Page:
SDR Enthusiasts' Site

SOUTH DEVON RAILWAY CELEBRATES 40TH ANNIVERSARY YEAR

"The line that the infamous Dr Beeching re-opened!"

Working Timetables  Trade Stands.

Buckfastleigh yard May 2007
Buckfastleigh during a gala in May 2007

The steam operated South Devon Railway -- the oldest heritage railway line in the West Country -- is getting set to celebrate its 40th "Ruby" anniversary year after the scenic former branch line re-opened way back in 1969. Of all people, it was re-opened by Dr Richard Beeching who, as the Chairman of the British Railways Board in the early 1960's, wielded his now infamous axe and was the man responsible for the closure of many branch lines and stations up and down the country.

During the last four decades since, however, over three million passengers have travelled over the pretty seven-mile former Great Western Railway route from Totnes to Buckfastleigh, with many visitors enjoying the experience so much that they come back every season.

It's going to be a very special celebration year for the Railway's many friends and supporters kicking off with a big, nine-day Easter steam festival in April which features eight different former GWR steam locomotives, plus other events during the anniversary season.

And the anniversary comes hot on the heels of the SDR's second best ever season in 2008 when it carried 99,073 visitors, plus the recent granting of official approval to run heavier locomotives with axle weights up to 23.5 tonnes and running trains at a higher line speed of 25 miles per hour which will both come into force from 21 March.

The line is run by a small group of staff and several hundred volunteer workers who all work hard together to recreate the Golden Age of Steam and keep memories of the GWR, British Railways Western Region and historic transport alive and well.

The SDR has grown from being a purely summer season business to almost an all year round operation and the line won the prestigious accolade as "Heritage Railway of the Year" in December 2007 and carried 100,449 passengers in 2008, its best ever season.

Four visiting engines have been drafted in for the nine-day steam festival from other heritage lines in the South West, and the event is set to be one of the highlights of the railway's 137-year history from when it was first opened in May 1872.

The four visitors are:

Ex GW locos Pannier No. 6435 and Prairie No. 5552, both courtesy of Bodmin & Wenford Railway. Loco No.6435 will masquerade as engine No. 6412 (which hauled the re-opening train in 1969) on Sunday 5th April and will be used as an auto coach "Officers Special" for invited guests on the 11.15 to mark the actual anniversary;

EX GW loco 5542, courtesy of 5542 Loco Group and the Gloucestershire & Warwickshire Railway;

Ex GW loco 6695 courtesy of 6695 Locomotive Group and normally based on the Swanage Railway. It will be the first time a Class 56/66xx has visited the branch and this hopefully makes up for us not being able to secure four Prairie Class 45/55xx locos as planned which would have been a first in preservation.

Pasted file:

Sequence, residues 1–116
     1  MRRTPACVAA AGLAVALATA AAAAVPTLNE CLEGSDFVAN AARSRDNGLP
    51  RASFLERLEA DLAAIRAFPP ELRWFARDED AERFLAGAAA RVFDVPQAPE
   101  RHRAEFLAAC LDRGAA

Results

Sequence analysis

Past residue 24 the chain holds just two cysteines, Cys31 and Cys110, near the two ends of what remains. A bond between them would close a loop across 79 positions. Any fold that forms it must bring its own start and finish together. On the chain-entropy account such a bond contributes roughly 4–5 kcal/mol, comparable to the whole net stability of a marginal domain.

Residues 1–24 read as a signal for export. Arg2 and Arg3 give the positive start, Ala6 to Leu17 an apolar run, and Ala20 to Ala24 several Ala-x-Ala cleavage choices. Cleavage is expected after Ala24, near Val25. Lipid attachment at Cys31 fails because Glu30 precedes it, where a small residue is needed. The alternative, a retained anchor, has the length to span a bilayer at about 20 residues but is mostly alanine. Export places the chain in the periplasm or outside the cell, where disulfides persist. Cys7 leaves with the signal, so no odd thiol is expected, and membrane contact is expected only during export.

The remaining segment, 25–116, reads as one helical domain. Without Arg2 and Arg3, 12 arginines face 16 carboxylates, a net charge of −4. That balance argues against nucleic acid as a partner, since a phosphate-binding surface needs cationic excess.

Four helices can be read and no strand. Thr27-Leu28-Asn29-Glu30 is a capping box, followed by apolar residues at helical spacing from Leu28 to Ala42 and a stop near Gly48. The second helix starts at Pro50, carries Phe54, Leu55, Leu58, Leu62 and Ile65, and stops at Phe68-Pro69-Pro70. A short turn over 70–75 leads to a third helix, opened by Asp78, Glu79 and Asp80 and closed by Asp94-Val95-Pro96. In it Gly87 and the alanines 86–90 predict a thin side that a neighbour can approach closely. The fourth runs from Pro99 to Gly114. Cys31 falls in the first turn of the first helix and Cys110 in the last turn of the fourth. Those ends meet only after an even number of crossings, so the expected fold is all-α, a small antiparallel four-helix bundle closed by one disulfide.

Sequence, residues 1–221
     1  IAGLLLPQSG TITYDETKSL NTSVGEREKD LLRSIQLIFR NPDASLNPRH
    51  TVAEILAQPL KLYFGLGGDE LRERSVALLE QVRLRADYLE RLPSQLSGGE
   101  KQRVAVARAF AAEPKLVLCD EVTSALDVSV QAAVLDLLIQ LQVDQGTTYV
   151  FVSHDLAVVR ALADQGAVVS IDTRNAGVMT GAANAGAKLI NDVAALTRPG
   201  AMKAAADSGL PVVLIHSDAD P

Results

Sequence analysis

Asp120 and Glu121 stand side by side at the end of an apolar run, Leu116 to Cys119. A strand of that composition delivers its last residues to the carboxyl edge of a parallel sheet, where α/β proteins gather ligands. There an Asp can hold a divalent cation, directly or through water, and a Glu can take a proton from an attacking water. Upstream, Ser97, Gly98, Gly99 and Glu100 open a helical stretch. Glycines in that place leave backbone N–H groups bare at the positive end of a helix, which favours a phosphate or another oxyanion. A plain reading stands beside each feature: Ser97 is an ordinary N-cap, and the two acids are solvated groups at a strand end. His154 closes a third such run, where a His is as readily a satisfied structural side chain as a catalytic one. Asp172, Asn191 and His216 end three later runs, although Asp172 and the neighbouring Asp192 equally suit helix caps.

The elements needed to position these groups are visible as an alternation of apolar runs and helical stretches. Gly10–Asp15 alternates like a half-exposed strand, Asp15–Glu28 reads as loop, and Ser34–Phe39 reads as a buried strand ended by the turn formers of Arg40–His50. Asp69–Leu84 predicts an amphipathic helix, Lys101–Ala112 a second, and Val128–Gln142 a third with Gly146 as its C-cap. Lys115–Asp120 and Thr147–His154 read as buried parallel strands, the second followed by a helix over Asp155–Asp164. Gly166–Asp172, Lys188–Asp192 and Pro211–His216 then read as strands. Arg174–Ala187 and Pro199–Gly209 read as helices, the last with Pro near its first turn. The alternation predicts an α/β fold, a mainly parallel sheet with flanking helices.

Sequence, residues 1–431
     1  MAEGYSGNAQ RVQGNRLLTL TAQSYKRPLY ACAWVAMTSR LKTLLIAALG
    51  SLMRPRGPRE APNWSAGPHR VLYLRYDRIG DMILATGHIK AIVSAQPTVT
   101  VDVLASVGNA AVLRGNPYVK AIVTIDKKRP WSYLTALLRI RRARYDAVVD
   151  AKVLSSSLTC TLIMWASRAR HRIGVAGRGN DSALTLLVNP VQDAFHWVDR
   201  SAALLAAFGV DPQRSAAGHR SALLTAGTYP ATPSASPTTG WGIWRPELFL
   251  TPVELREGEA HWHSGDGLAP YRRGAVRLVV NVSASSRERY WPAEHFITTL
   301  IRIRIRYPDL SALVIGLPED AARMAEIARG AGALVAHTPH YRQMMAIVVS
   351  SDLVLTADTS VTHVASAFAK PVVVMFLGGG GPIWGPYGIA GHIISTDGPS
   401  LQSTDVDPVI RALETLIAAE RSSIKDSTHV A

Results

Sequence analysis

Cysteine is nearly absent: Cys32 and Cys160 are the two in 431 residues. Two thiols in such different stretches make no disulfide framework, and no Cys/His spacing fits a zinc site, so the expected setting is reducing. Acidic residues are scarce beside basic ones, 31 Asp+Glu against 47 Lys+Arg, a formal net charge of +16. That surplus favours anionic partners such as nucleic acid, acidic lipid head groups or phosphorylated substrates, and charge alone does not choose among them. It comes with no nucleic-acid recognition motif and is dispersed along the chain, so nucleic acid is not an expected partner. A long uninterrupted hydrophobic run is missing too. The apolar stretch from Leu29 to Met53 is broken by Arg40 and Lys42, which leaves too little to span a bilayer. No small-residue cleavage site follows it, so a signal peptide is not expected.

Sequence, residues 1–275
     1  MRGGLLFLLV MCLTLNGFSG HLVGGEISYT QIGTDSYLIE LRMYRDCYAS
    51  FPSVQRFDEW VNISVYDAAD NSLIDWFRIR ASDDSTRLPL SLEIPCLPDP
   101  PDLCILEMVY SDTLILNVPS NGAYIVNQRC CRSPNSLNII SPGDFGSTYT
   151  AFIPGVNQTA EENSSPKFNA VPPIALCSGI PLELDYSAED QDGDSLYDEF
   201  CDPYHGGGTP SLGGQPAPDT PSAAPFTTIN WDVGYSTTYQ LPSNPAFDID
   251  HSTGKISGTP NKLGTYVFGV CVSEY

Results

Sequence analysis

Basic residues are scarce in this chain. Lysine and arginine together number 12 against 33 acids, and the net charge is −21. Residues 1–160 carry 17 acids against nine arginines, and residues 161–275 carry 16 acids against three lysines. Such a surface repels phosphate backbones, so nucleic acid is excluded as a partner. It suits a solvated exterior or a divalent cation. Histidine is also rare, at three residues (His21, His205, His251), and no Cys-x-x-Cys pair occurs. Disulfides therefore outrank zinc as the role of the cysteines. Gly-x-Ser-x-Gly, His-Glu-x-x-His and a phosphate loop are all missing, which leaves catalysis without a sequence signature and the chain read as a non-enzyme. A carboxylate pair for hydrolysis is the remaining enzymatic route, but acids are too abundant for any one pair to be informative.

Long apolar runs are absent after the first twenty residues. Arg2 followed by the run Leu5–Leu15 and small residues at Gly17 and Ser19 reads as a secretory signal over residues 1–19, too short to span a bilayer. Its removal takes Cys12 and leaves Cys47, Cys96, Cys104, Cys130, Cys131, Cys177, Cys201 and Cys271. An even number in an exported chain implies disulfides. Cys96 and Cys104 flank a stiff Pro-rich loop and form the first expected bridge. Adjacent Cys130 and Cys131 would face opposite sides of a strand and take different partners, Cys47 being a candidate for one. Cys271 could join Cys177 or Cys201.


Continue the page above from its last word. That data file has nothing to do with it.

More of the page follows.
The SDR home fleet will be loco Nos. 3803, 1369, 5786 (repainted in temporary BR Black for the event) and 5526. The railway has endeavoured tomatch locos to stock wherever possible in the timetables.

During Sunday 5th April, the anniversary date, there will be a goods, dining and auto train workings in a special "old friends reunited" timetable with four locos (Nos. 1369, 6435 as 6412, 5786 and 5542, hopefully disguised as 4588).

For the rest of the week (Monday to Thursday) in the run up to Easter weekend, there will be a standard but enhanced two train timetable using three different locos each day with goods train workings each morning and afternoon, afternoon auto train workings, plus one auto driver experience train in the mornings.

Monday 6th April sees Loco Nos. 6435, 5526 and 5786 in use, but we will have "Visiting Engine Day" on Tuesday 7 April with 6695, 6435 and 5542; then "Prairie Day" on Wednesday 8th April with 5552, 5542 and 5526, plus an evening dining train; and then "Pannier Day" on Thursday 9th April with 1369, 5786 and 6435.

Easter weekend itself (10th to 13th April) has special timetables each day with four ex BR liveried locos on Good Friday (5526, 5542, 5552 and 6695) then six locos on Saturday (1369, 3803, 5542, 5552, 6435 and 6695) with large goods trains of 20 wagons in the mornings pulled by 5552, 3803 and 6695, and then all eight locos in steam and in use on Sunday and Monday with, hopefully, an interesting cavalcade on one or maybe both days.

Locomotive 6412, which hauled the opening train in 1969 has just returned to the SDR, after purchase from the West Somerset railway. Visitors will be able to see the engine awaiting restoration in the yard at Buckfastleigh.

A BRIEF HISTORY FROM 1958 TO THE PRESENT

When the Ashburton to Totnes passenger train pulled into the station for the last time in November 1958, it seemed this beautiful stretch of railway line alongside the River Dart was about to be lost forever.

Four years later, in 1962, freight services were also withdrawn and many people thought this would be the final nail in the coffin. However, soon afterwards, a group of local businessmen set up the embryonic Dart Valley Railway and moved into Buckfastleigh Station, two miles down the line from Ashburton and seven miles from Totnes.